First meeting with the psychologist for adoption

Yesterday we had our second meeting of the adoption procedure (second of about 10), which was also our first with the psychologist. She’s a really young and nice girl and it was easy to talk to her. At the same time we talked for about 3 hours and went through some emotional moments and tough questions in our head.
The questions were pretty much the same as the first time: how we met, what are our values, how we think of this future adopted child, why and when did we decide to adopt, are our families aware and supportive, how did we live the discovery of our infertility (did my hubby feel less of a man? Did I feel less of a woman?), have we accepted that we’ll never have a biological child, etc.

The troubles started on the last question: are you over the idea of a biological child? The answer is yes and no. Yes, because I have accepted that I may never get pregnant, no because since we are still going to try IVF we clearly have not lost all hopes. Like the social assistant, the psychologist recommended we have a long break until we have finally given up trying IVF. Luckily after an initial moment of discussing this in which I almost started crying, she went on to ask other questions.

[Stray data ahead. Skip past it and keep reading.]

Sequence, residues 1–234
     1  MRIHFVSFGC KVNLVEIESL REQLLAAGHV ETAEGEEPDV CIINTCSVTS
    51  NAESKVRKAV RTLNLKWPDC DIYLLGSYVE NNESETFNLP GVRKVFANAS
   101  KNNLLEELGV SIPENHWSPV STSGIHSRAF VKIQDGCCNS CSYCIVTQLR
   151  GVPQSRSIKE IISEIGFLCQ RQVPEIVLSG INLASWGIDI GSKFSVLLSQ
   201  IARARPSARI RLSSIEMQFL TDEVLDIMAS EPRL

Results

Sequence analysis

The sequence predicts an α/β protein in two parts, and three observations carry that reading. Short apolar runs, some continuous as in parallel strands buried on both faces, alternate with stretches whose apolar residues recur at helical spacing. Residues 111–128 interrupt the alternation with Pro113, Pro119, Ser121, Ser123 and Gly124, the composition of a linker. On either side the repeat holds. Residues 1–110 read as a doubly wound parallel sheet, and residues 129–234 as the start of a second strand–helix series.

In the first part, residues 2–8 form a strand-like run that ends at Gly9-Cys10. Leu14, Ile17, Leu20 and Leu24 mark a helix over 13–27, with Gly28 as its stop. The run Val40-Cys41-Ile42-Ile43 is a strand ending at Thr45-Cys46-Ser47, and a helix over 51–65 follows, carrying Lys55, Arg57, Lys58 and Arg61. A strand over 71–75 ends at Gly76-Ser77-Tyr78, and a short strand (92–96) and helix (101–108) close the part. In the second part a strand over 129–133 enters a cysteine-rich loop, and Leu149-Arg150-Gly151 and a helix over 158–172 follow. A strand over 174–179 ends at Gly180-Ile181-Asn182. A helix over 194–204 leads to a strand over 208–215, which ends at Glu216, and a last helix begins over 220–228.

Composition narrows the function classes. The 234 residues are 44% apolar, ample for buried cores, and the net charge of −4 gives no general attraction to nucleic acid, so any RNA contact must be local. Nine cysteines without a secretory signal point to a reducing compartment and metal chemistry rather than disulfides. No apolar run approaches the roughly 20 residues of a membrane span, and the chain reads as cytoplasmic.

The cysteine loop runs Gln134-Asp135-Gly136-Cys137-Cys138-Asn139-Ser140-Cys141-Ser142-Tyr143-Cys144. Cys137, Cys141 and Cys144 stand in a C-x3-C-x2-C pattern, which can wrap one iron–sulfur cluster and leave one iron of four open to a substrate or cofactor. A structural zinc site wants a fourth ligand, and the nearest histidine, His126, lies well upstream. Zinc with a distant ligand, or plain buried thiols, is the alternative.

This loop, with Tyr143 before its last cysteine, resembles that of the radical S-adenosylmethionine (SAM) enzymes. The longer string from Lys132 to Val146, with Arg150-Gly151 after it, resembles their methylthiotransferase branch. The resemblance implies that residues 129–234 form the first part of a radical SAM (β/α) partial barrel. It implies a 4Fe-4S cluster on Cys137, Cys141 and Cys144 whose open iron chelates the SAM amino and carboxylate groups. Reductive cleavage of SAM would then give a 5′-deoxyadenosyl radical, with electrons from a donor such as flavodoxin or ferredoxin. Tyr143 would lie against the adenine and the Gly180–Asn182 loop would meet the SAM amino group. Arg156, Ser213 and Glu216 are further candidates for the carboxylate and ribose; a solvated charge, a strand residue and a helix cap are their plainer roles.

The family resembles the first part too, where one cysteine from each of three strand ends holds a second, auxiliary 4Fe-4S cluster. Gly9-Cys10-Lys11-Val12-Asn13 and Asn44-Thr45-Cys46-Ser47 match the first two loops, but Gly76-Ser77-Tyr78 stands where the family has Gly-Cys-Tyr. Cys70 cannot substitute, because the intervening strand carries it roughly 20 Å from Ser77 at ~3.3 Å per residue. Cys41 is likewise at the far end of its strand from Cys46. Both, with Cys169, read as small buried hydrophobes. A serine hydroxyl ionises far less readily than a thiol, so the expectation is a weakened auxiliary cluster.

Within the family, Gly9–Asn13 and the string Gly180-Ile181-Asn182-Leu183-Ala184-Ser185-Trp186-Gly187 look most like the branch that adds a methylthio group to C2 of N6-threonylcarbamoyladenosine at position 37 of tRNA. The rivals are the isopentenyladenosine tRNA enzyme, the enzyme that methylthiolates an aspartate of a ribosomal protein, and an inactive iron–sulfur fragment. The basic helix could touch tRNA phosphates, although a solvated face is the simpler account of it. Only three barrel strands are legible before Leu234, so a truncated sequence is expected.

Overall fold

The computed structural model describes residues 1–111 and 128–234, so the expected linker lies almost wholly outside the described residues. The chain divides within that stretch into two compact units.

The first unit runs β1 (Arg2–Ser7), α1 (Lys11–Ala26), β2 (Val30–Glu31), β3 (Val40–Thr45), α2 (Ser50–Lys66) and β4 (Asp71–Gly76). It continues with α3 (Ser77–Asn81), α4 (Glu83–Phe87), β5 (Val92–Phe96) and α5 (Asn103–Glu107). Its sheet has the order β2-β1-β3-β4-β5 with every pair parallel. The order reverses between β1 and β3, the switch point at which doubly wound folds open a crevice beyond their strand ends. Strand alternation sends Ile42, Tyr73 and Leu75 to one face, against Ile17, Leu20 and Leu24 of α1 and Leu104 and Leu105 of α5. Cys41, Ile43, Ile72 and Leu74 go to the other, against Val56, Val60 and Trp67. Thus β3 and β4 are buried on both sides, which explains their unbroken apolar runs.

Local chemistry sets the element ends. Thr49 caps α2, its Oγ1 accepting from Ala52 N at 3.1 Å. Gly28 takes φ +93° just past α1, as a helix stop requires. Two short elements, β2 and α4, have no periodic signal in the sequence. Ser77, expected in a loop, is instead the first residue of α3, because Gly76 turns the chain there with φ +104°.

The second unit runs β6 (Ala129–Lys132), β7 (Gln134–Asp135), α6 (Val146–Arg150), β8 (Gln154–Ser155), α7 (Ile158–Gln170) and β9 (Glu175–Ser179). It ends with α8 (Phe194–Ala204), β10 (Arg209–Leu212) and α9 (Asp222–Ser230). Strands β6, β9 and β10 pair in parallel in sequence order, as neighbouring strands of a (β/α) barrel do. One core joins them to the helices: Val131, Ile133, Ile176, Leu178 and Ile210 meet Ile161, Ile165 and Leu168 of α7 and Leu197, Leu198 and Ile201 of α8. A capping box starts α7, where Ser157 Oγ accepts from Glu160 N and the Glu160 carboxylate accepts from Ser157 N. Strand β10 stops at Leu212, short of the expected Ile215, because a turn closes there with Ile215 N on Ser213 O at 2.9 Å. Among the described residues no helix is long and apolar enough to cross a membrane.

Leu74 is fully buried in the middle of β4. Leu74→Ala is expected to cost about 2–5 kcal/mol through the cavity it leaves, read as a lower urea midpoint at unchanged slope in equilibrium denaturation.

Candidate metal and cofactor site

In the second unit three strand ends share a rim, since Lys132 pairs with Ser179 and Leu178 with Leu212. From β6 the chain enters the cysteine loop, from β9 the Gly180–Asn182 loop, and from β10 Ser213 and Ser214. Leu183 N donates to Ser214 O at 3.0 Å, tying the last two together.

So we now have to decide whether to have this long break or to be stubborn and carry on despite their adivice. They do not have the legal power to stop us but are extremely likely to give a negative advice on us. I think we’ll follow their advice but I’m not very happy about it and still don’t fully understand the point.

The girl finished the interview giving us some stats: the waiting time after having obtained the authorization to adopt where we live (i.e. after all interviews and after the court has taken a decision) is of 5 years in average. And then they tell me they don’t understand why I still want to try IVF??

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One Response to First meeting with the psychologist for adoption

  1. E v e l y n says:

    I’d be inclined to continue moving forward on adoption at the same time as IVF. Would it make a difference to them if you said you were going to adopt regardless of the outcome of IVF?

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